Phase 2: Needs-based insurance

Phase 2 is about bridging the insurance gap for specific segments of membership, effectively changing the shape of the default cover across the various age groups. One way to achieve this is by introducing an age-based default, being lower units for young members and increasing units for members aged between 35-55 when they generally have higher levels of debt and dependants. 

Alternatively, another way of supporting a needs-based insurance approach is marketing to specific segments of membership to encourage the take-up of voluntary additional cover. This can be in the form of a special offer campaign allowing members to increase cover with simplified underwriting.

Phase 3: Default income protection

While total and permanent disablement (TPD) cover provides members with cover for permanent disablement, many members are completely uninsured with respect to their income if they are temporarily disabled. Furthermore, TPD typically has a six-month waiting period as well as a longer claims assessment process. Income protection claims, on the other hand, usually have shorter waiting periods of one to three months. Many funds have income protection included within their benefit offering on a voluntary basis, however, the take-up rate to date has generally been low.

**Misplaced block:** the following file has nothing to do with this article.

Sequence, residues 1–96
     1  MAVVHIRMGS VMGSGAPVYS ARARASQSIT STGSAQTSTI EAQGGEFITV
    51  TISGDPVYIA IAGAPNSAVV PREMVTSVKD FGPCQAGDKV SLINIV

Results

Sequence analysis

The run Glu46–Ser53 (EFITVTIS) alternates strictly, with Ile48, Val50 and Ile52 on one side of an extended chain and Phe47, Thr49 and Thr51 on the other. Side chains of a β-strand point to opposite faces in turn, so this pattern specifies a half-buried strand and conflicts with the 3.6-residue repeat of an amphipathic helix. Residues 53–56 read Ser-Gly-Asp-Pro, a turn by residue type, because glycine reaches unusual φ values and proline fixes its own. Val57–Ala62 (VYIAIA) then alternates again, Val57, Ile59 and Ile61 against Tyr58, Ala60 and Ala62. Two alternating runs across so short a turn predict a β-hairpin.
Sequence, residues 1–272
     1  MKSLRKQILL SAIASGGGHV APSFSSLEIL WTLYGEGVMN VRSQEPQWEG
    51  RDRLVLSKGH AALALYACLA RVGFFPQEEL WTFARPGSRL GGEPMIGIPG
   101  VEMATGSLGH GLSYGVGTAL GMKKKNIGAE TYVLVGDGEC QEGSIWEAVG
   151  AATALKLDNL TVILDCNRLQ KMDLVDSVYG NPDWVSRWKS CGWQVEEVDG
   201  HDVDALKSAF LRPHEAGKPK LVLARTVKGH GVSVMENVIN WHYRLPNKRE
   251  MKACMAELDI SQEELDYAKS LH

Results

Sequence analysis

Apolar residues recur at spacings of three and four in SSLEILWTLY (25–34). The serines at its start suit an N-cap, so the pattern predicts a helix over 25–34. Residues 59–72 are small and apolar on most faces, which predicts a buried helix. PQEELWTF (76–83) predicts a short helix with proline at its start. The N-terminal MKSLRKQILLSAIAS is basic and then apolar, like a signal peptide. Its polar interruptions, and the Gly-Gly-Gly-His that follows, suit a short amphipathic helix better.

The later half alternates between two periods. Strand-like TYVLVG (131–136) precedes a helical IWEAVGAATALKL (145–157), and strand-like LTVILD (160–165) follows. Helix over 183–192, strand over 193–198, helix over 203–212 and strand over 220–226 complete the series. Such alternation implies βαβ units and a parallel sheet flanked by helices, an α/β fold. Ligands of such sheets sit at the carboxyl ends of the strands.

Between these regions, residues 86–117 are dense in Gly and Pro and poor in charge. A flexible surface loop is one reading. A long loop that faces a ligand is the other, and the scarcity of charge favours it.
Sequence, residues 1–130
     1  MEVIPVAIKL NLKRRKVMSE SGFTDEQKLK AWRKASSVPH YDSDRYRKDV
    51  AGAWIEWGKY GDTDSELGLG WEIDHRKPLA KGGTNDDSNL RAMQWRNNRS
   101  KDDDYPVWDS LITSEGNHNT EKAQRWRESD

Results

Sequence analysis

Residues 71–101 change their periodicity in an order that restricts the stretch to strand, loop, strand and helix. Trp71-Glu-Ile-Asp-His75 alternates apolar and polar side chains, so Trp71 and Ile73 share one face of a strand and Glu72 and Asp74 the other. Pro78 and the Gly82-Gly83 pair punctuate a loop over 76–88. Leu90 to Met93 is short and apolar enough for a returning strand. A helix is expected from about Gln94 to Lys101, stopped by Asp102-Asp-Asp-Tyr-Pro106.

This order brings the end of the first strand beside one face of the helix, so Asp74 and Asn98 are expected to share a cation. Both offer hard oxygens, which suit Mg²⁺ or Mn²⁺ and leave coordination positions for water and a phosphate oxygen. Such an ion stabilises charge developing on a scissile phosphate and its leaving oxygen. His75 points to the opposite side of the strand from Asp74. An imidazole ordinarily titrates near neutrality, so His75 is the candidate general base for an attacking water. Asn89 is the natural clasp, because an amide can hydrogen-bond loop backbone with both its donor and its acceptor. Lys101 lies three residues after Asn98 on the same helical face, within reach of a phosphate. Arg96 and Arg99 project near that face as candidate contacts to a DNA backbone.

In addition to exploring ways to better educate and engage members on the need for income protection, introducing default income protection would be the most effective way of ensuring adequate coverage for members. Insurers should work with funds to set a basic level of default, while funds continue to encourage members to apply for cover above the default to adequately cover their income. Various benefit options could be implemented in this case, with the member having the ability to elect the appropriate option that best suits their needs.

Phase 4: Product enhancements